John Madden was the dominant figure in both parts of the Double Event, winning the most races as both a trainer and as an owner.
Most wins by a jockey:
Most wins by a trainer:
Most wins by an owner:
Most wins by a jockey:
Most wins by a trainer:
Most wins by an owner:
Part 1 winnersEdit
|1910||Housemaid||2||A. Thomas||Raleigh Colston Jr.||Charles L. Harrison||5.5 F||1:08.60||$3,265|
|1909||Dalmatian||2||Vincent Powers||Sam Hildreth||Sam Hildreth||5.5 F||1:08.00||$1,230|
|1908||Fayette||2||Walter Miller||John E. Madden||John E. Madden||5.5 F||1:07.00||$7,700|
|1907||Firestone||2||Tommy Sandy||Henry E. Rowell||Thomas H. Williams||5.5 F||1:07.00||$7,700|
|1906||Ballot||2||Herman Radtke||James G. Rowe Sr.||James R. Keene||5.5 F||1:06.00||$7,700|
|1905||George C. Bennett||2||Dave Nicol||William E. Phillips||Frederick Cook||5.5 F||1:07.00||$7,700|
|1904||Song and Wine||2||Frank O'Neill||Fred Burlew||Newton Bennington||5.5 F||1:07.60||$7,700|
|1903||Aristocracy||2||Charles Connell||John E. Madden||John E. Madden||5.5 F||1:07.80||$5,110|
|1902||Mexican||2||Tommy Burns||John E. Madden||Clarence Mackay||5.5 F||1:06.20||$3,800|
|1901||Nasturtium||2||Winfield O'Connor||James J. McLaughlin||Anthony L. Aste||5.5 F||1:04.20||$3,800|
|1900||Tower of Candles||2||Carl Mitchell||William M. Rogers||J. M. Murphy||5.5 F||1:07.60||$3,825|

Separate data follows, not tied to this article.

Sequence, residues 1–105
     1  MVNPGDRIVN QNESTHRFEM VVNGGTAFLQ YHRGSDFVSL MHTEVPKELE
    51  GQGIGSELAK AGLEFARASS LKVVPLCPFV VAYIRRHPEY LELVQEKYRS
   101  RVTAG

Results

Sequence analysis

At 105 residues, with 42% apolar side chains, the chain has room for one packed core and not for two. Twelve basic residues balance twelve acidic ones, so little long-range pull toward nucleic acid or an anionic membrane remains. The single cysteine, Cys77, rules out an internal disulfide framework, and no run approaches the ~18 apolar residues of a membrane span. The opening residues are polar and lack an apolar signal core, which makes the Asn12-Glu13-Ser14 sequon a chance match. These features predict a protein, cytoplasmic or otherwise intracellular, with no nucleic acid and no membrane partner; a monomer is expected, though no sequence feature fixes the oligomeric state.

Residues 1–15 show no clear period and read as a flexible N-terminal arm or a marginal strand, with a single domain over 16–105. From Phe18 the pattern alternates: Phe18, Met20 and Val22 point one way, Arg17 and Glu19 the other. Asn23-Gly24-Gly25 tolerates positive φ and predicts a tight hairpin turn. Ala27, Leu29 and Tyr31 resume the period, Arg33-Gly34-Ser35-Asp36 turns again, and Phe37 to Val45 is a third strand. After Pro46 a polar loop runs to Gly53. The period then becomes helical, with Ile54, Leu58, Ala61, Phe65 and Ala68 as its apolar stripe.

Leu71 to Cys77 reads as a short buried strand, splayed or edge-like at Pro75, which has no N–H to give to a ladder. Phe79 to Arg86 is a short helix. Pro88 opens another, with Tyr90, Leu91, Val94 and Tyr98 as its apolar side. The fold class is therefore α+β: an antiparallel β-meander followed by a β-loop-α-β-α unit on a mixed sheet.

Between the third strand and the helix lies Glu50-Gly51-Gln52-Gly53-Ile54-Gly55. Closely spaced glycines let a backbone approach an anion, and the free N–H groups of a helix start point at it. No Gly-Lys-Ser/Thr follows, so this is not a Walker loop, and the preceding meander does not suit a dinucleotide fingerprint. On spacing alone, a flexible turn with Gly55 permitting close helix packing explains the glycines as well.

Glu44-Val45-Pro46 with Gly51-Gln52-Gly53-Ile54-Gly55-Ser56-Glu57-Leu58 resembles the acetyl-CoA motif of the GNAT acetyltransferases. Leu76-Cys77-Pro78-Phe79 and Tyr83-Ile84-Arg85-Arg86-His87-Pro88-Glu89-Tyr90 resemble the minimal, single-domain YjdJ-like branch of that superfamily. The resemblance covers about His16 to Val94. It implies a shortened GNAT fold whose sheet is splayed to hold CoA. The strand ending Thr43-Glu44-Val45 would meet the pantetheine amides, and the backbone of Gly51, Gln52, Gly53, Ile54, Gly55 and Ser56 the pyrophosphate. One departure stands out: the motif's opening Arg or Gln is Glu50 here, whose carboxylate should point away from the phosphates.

|1899||Prince of Melbourne||2||Frank O'Leary||John E. Madden||John E. Madden||5.5 F||1:08.40||$4,062|
|1898||Kingdon||2||Tod Sloan||Hardy Campbell Jr.||Michael F. Dwyer||5.5 F||1:09.00||$3,800|
|1897||Bowling Brook||2||Fred Littlefield||R. Wyndham Walden||John A. & Alfred H. Morris||5.5 F||1:09.20||$3,800|
|1896||Ornament||2||Alonzo Clayton||Charles T. Patterson||Charles T. Patterson||5.5 F||1:05.40||$3,950|
|1895||Handspring||2||Samuel Doggett||Frank McCabe||Philip J. Dwyer||5.5 F||1:06.40||$3,950|
|1894||Keenan||2||Henry Griffin||John J. Hyland||David Gideon||5.5 F||1:08.80||$3,750|
|1893||Hornpipe||2||Fred Taral||William Lakeland||James R. & Foxhall P. Keene||5.5 F||1:07.00||$3,900|
|1892||Ajax||2||Marty Bergen||Charles Leighton||Jacob Ruppert||5.5 F||1:07.40||$3,900|
|1891||His Highness||2||Marty Bergen||John J. Hyland||David Gideon||5.5 F||1:08.00||$3,800|
|1890||Russell||2||Edward Garrison||R. Wyndham Walden||John A. Morris & Sons||5.5 F||1:10.00||$3,900|
|1889||Torso||2||George (Spyder) Anderson||Charles Leighton||William L. Scott||5.5 F||1:09.00||$1,900|
Part 2 winnersEdit
|1910||Footprint||2||George Archibald||John Whalen||August Belmont Jr.||6 F||1:11.00||$3,765|
|1909||Lovetie||2||Eddie Dugan||Matthew Feakes||Lily A. Livingston||6 F||1:14.00||$1,285|
|1908||Sir Martin||2||James Lee||John E. Madden||John E. Madden||6 F||1:13.00||$7,700|
|1907||Stamina||2||George Mountain||John W. Rogers||Harry Payne Whitney||6 F||1:13.40||$7,700|
|1906||Water Pearl||2||Lucien Lyne||A. Jack Joyner||Sydney Paget & Edward R. Thomas||6 F||1:13.80||$7,700|
|1905||Ironsides||2||Jack Martin||John Huggins||Herman B. Duryea||6 F||1:14.00||$7,700|
|1904||Veto||2||Arthur Redfern||James G. Rowe Sr.||James R. Keene||6 F||1:14.00||$7,700|
|1903||Conjurer||2||George M. Odom||Peter Wimmer||Samuel S. Brown||6 F||1:11.00||$5,110|